draw. at least for awhile. "When
their quarterback stood up to
pass, our linebackers would drop
back to cover. My man would
usually block me outside, but
instead he was drifting straight
"Since I'm supposed to move
outside, their quarterback could

go right by me and I wouldn't
even see him. But after awhile I
would smack their guard and
look around and then it didn't
work any more."
Most of what t h e Commo-
dores tried didn't work as Hill,
Cecil Pryor, Pete Newell, Mike
Keller and others dropped Van-
dy runners for 54 yards in loss-
Schembechler w a s pleased
with the defense. "They did a
good job against their scram-
blers. We went mostly with a
four man front line as t h e y
were sending out five receivers."
Vanderbilt, though, had their
moments of glory, or at least
what had to pass for them. They
opened the second half with a
65 yard drive for a touchdown
that featured the passing and
running of quarterback J o h n
Miller. He passed for 54 of the
yards and ran for eight more,
the big play being a roll-out
pass to flanker D a v e Strong.
Tailback Doug Mathews capped
the drive with a one yard plunge
into the endzone.
Vandy struck again, capital-
izing on a bad punt and a fif-
teen yard penalty that put them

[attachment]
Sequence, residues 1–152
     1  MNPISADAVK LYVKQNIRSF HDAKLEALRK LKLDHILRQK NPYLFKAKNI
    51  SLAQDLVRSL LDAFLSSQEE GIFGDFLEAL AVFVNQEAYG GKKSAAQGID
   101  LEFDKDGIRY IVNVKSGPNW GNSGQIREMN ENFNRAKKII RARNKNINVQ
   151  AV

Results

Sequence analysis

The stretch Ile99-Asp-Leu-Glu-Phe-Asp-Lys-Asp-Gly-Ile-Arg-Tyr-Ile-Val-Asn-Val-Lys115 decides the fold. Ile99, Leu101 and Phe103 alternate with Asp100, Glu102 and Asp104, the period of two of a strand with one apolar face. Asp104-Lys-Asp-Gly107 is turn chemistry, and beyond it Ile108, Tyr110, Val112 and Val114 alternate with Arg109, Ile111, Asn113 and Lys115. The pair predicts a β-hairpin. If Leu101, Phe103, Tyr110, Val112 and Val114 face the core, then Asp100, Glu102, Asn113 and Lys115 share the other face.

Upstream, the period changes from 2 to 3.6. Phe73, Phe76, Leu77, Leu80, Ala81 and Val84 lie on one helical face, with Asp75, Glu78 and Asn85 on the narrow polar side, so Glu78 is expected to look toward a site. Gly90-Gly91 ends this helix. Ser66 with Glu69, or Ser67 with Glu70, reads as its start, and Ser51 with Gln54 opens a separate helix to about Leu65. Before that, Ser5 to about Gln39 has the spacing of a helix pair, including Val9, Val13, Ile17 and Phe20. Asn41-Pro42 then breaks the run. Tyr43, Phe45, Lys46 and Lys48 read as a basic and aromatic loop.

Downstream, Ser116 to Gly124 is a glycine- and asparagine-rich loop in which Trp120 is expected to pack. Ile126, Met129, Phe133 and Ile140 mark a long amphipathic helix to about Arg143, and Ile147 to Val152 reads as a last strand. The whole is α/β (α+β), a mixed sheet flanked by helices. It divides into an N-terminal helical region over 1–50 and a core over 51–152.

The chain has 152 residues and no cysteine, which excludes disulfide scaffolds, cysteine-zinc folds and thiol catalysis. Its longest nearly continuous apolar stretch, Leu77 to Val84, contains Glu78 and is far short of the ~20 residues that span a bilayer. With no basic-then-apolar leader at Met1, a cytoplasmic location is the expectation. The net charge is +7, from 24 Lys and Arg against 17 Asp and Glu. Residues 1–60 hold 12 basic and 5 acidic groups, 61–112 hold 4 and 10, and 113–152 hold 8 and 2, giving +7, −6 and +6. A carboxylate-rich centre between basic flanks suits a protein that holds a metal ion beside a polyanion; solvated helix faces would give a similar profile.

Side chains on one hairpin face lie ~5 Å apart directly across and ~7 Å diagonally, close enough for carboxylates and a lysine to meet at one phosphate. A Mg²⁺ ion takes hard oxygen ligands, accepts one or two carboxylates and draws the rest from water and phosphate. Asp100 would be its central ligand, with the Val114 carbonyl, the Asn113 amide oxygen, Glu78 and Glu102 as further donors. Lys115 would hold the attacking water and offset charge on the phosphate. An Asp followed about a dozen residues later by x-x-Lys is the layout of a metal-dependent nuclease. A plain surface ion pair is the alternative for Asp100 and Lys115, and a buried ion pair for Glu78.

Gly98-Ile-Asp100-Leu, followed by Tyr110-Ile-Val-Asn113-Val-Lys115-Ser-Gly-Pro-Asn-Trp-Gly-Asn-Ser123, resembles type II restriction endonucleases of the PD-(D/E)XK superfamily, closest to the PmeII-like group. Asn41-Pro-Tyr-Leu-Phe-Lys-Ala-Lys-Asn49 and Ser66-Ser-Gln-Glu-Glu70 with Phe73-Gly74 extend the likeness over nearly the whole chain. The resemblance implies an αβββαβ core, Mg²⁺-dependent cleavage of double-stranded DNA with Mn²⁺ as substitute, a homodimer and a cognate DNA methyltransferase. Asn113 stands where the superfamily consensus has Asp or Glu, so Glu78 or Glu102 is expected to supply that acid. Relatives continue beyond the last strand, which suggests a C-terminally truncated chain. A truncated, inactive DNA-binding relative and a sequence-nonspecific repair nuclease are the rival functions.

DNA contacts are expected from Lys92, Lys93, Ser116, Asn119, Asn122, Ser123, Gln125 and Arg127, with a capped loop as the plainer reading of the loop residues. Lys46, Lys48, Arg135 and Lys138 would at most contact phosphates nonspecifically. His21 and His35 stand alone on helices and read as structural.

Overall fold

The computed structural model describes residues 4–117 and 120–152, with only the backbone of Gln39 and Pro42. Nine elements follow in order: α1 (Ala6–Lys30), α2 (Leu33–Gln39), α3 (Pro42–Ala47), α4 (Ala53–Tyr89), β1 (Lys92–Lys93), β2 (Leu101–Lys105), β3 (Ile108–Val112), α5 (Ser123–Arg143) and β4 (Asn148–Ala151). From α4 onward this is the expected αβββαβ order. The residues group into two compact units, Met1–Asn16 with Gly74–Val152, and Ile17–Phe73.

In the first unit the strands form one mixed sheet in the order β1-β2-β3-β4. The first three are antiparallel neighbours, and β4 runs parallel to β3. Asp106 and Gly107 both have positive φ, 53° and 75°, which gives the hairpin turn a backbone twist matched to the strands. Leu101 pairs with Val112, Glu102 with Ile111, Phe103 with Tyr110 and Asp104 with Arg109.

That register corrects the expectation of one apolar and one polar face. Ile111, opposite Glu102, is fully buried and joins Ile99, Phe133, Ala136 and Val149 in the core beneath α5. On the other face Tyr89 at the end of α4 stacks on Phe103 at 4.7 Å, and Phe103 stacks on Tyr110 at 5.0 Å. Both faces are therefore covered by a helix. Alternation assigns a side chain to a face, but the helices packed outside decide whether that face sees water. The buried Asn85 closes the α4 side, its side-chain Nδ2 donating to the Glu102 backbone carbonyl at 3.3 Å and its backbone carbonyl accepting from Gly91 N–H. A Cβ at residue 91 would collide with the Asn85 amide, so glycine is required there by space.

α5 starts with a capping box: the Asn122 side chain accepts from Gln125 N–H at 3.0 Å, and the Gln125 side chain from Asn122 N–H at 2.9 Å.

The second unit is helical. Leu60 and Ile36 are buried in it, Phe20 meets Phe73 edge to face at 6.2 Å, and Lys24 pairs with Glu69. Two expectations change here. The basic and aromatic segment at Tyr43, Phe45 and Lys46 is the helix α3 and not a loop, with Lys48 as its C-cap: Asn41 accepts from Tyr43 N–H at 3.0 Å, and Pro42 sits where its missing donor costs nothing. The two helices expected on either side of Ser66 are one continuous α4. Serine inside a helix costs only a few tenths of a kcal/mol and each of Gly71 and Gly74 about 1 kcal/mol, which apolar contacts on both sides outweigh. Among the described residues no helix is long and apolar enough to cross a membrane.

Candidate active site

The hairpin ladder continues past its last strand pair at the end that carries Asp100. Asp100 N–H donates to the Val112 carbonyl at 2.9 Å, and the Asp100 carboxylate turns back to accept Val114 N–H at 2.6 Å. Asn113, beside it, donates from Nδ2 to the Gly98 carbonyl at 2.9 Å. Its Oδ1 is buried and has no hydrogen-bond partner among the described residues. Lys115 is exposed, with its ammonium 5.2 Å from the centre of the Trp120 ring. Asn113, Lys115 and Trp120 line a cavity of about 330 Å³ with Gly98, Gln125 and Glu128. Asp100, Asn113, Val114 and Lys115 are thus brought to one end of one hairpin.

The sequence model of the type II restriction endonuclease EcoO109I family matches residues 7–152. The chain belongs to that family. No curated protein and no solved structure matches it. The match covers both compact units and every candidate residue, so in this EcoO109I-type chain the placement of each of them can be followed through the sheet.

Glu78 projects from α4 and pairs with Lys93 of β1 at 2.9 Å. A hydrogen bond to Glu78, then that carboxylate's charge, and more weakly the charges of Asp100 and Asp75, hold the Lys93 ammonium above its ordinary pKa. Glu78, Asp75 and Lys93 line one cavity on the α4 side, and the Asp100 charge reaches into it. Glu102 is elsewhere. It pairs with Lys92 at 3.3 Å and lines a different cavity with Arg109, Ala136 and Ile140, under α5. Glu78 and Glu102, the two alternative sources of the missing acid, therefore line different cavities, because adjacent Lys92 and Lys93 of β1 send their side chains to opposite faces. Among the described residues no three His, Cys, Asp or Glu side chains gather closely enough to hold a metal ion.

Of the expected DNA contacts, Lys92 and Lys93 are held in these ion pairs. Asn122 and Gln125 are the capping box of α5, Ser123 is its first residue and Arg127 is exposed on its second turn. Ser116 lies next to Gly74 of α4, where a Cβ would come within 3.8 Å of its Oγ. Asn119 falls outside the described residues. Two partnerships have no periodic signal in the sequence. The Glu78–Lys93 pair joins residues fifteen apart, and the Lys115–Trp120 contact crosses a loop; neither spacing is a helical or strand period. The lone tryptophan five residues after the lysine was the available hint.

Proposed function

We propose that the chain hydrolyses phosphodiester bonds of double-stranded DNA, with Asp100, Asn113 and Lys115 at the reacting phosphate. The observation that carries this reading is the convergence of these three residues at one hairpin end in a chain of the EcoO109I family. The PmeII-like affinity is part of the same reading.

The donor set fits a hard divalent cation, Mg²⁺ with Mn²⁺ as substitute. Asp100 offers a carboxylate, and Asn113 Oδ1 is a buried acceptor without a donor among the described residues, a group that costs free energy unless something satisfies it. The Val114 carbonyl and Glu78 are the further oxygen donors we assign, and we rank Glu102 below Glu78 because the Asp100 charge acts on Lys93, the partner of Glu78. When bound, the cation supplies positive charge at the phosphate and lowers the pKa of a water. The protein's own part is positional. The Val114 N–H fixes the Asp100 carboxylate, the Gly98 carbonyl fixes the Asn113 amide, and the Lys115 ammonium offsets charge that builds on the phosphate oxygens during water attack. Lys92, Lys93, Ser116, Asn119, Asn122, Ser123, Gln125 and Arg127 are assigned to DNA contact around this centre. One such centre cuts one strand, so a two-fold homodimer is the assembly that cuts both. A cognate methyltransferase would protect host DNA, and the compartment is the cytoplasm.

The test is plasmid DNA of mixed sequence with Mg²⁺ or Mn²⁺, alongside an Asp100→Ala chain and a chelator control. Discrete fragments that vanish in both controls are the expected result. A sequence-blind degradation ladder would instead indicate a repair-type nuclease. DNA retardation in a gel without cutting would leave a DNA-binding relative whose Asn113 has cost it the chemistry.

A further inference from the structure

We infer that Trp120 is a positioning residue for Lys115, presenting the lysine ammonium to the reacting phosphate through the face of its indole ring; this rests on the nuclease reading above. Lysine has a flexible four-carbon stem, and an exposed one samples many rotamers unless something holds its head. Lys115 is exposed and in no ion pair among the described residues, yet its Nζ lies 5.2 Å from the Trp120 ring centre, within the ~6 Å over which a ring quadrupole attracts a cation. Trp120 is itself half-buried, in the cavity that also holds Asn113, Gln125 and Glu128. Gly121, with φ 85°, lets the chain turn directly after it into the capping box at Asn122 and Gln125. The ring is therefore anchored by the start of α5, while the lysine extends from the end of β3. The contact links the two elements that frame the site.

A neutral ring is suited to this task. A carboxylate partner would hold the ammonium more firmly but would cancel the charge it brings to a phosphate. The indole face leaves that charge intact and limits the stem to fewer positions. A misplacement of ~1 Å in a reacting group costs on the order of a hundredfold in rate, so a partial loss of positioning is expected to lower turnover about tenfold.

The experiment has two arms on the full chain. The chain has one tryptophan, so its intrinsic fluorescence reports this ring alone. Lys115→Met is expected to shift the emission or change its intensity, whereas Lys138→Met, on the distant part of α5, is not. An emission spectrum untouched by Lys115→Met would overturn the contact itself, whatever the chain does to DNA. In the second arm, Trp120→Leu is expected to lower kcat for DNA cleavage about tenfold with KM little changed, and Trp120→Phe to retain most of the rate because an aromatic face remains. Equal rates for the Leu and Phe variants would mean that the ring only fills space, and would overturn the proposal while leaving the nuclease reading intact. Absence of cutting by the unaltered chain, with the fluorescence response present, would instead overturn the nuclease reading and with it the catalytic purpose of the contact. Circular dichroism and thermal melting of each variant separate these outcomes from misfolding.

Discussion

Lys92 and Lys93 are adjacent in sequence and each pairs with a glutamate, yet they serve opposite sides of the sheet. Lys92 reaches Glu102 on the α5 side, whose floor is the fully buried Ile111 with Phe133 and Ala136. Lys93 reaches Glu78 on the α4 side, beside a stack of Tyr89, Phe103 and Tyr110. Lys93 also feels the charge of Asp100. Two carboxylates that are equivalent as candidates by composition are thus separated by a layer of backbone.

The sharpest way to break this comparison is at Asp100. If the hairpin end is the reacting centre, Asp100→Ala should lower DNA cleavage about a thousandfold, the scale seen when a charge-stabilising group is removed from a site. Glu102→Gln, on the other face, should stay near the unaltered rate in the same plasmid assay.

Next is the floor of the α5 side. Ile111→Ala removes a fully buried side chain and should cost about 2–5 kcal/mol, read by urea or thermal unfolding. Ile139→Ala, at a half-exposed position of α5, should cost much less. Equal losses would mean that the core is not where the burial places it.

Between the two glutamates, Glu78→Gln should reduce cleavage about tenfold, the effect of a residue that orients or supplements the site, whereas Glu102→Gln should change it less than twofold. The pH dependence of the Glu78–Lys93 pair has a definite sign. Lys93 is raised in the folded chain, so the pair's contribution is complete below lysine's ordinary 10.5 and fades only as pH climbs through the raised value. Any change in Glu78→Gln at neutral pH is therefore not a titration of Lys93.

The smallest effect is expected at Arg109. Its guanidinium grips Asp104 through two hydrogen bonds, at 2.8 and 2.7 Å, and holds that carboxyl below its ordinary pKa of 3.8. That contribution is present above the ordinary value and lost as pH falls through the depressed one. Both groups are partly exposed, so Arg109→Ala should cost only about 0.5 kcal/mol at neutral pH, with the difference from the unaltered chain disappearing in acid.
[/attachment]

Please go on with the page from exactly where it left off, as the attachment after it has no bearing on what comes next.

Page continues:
on the Michigan 14 early in the
fourth quarter. John Valput
put plunged into the endzone
four plays later for the talley.
Michigan marched 71 yards
for its first score as Moorhead
continually faked the Commo-
dore defense into moving to
where the ball wasn't. After a
fifteen yard pass to Jim Man-
dich, Moorhead faked to Dough-
ty moving left and then skirted
the right sideline for a 33 yard
gain to the Vandy 11.
After Moorhead rolled left for
seven m o r e yards, murderous
Garvie Craw pounded the line
three times for the score. Then
came Doughty's run in the sec-
ond stanza to give the Blue a
14-0 half-time lead.
The third period was sterile
for the Wolverines, but then
came the fourth quarter explo-
sion, a 28 point scoring spree.
Late in the third stanza
Michigan began a 75 yard drive
that rap into the fourth period.
Moorhead mixed his plays well,
passing to Mandich and Paul
Staroba and handing the ball to
Doughty, Craw, and John Gab-
ler as well as running himself.
See 'M' OFFENSE, Page 9

-Daily--Larrx Roubins
GlIean,Doughty (22) Ibrewls foro1 tho wn ci(~i'1 s jIalidich. leads the tray

SCO le
new bo
Daily News Analyis
When Student Government
Council decided to confront
the Regents over t he book-
store issue several weeks ago,
few Council members were
sure what would happen.
Council had called for a rally
and march on the Regents meet-
ing to "make the student voice
heard in such a way that the Re-
gents cannot inore." This w a s
SGC Executive Vice President
Marc Van Der Hout's motion, but
neither Van Der Hout nor other
Council members were quite cer-
tain of how loud that voice
would be.
Onl Friday they found ou. Over
1000 students marched from a ral-
ly on the D i a g to the Regents
meeting and discovered jtw Re-
gents had reversed their deisin
on the bookstore. They fur ed the
Regents to explain their propuosal
during an hour-long debate.
The students were not saiti' (1
with the Regents' decision to cre-
ate an administration-controlled